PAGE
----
In the big picture, RE is a subset of digital measurement, which is the driver behind other manufacturing applications, including quality inspection, tool building, assembly guidance, and more.

Practical Reverse Engineering - Choosing the Right Tools for the Job

James Coy, Application Engineer | Verisurf Software, Inc.

Digital reverse engineering (RE) as a concept has exploded over recent years do to advances in technology and a growing awareness of best practices among manufacturers.  While its popularity continues to grow in many areas of design and manufacturing, there tends to be a perception of ‘one size fits all’ when it comes RE solutions.  From a practical perspective this perception is not accurate.  Every RE project should be objectively evaluated to fully understand the intent and desired outcome, not only in terms of data requirements but the use of that data, in both upstream and downstream applications, to ensure digital continuity.  This will help manage expectations and avoid frustration. RE is no different than any other project you might undertake, you need the right set of tools for the job. 

In the big picture, RE is a subset of digital measurement, which is the driver behind other manufacturing applications, including quality inspection, tool building, assembly guidance, and more. When considering a digital RE strategy it is best to take a step back and look at your whole manufacturing enterprise, if for no other reason, then to understand how choices you make might complement other applications or departments.  Quite often companies have digital measurement assets available that are under used, thought to be outdated, or just forgotten.  A perfect example is CNC CMMs.  Most shops have at least one and many sit unused because they have old software and controllers or have been eclipsed by portable measurement devices.  The fact of the matter is, these old devices are extremely accurate and well-built, and can be cost effectively upgraded to run today’s latest software.


Reverse Engineering Applications

The list of RE applications continues to grow as customers apply innovation to available technology

  • Reverse engineering legacy parts for MRO
  • Capturing organic and complex surface profiles
  • Mass customization of consumer products
  • Biomedical customization for comfort and fit
  • 3D scan to 3D print applications
  • CNC machining best fit and part alignment-
     avoid crashes, spend less time cutting air
  • Tooling and fixture design
  • Legacy tooling archiving
  • Capturing prototypes
  • Sculpture design
  • Color capture
  • Mold making
  • Archeology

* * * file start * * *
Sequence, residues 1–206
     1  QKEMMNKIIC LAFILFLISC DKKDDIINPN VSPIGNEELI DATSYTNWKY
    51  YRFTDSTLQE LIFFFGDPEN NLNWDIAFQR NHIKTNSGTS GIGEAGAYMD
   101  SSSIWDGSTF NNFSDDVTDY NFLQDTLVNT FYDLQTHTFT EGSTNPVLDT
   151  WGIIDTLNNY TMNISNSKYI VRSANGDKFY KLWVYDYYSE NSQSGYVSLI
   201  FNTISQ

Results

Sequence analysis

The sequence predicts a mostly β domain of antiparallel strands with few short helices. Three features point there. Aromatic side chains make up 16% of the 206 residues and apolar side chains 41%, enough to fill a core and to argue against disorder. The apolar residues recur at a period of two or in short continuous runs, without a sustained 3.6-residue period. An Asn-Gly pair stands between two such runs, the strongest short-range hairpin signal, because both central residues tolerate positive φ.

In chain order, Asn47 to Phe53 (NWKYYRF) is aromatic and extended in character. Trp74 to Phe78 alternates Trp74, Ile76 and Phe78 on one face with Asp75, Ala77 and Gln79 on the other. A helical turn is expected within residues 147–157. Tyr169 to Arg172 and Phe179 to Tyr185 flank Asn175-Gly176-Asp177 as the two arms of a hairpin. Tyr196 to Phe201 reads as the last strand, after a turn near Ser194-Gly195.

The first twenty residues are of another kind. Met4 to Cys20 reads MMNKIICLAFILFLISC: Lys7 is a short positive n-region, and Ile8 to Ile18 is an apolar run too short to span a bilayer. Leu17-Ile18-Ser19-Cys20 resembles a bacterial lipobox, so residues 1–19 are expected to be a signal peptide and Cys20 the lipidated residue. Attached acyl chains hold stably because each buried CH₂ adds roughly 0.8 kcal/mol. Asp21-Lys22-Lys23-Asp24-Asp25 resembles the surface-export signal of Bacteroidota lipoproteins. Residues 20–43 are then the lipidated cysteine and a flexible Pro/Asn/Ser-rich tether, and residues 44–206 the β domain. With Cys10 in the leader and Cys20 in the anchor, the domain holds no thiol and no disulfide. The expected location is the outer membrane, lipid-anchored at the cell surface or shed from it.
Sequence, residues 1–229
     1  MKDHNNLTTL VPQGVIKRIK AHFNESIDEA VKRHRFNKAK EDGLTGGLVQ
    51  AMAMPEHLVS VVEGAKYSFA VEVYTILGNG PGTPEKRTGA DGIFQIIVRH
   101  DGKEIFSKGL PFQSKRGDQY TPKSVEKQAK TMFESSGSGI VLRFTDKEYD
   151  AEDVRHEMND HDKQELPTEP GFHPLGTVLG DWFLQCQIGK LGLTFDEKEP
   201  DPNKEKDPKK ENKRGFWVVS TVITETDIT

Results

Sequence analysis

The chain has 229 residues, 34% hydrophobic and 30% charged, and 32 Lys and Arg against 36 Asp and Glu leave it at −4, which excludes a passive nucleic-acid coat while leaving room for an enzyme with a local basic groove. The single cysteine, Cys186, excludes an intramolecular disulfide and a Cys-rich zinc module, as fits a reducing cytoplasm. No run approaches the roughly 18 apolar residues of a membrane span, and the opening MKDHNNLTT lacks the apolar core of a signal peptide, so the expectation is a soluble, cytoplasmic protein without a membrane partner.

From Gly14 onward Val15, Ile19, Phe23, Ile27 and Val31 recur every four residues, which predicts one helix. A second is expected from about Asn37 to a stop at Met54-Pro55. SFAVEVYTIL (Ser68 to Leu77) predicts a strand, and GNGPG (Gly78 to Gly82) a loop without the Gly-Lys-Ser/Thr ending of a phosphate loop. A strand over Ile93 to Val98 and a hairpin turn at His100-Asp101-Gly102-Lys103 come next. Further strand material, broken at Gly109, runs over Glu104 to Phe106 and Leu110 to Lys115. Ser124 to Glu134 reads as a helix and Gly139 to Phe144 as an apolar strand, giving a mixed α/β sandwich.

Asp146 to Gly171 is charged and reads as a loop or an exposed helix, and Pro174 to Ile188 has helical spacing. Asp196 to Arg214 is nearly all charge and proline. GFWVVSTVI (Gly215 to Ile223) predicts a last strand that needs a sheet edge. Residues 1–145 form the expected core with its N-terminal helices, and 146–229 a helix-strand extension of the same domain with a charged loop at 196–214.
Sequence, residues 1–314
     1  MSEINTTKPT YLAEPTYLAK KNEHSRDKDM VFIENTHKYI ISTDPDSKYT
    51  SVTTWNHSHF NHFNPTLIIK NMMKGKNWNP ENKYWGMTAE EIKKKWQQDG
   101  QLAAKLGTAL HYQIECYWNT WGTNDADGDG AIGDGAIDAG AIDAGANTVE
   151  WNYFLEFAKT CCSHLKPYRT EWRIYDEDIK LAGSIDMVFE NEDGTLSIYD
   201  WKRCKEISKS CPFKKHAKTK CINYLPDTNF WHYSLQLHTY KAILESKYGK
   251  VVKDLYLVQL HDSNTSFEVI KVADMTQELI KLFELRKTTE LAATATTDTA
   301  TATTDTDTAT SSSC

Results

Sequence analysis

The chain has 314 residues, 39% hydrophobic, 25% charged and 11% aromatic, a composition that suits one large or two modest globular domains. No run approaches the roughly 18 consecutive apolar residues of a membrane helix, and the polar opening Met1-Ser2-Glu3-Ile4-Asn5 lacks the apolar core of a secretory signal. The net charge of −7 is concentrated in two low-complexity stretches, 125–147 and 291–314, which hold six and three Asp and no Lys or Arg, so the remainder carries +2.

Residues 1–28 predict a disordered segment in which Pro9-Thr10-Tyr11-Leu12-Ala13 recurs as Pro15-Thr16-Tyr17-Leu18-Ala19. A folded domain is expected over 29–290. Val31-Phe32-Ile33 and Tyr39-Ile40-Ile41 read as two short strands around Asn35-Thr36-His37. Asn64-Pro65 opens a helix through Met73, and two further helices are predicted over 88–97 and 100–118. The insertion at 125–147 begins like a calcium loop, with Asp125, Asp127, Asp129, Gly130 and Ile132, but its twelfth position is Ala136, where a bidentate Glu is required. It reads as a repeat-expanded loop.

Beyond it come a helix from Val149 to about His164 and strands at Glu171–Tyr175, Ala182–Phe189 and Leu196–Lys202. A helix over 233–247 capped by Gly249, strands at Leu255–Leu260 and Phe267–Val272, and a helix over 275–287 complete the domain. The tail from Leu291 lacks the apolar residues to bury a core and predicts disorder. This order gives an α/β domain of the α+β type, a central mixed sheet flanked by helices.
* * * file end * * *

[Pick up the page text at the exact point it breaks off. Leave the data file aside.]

Finishing the Job

When it comes to RE customers are looking for end-to-end solutions, after all, the goal is to finish the job.  To avoid the ‘one size fits all’ trap it is important to be objective and complete in your assessment process.  There is nothing more frustrating that getting lulled into a partial solution or one that leaves you stranded on an island of incompatibility.  When it comes to selecting your RE tool set it is important to lead with software, first.  The software is what drives compatibility, workflow, processing, and digital continuity, also referred to as the manufacturing digital thread.  Once you have your software platform in place hardware selection is dependent on your individual measurement requirements – scanning, probing, etc.  Be sure your selected software is universally compatible to support and drive all legacy and new CMMs on the market.


Selecting the Right Measurement Device

Some RE software only supports offline applications where the measurement data is supplied as a download, and the capture process is left up to the individual measurement device typically driven by its own software.  Others can drive the device, taking the measurement data directly into the application for processing and if preferred, they can work with offline supplied data as well.  Selecting a device, regardless of format, with broad support for your chosen RE software is important.  Preferably, access to a variety of device types will provide added flexibility to your overall RE strategy.  The following are some questions that should be considered during device selection:

  • What is the size of the part being measured?
  • Is the part prismatic or made up of complex surfaces?
  • What is the intended result, watertight STL file, single machinable surface, or full CAD model with associative GD&D for manufacturing?


Sometimes, for example when reverse engineering complex assembles, the answer is a combination of measuring devices.  Possibly laser scanner, a touch prob system and even some good old fashion CAD drafting.


Ask for Help

To avoid potential pitfalls, choose a software vendor that understands your processes and is willing to consult with you to provide the best and most complete solution right up front.  In There are some important considerations that should be brought to light during this process.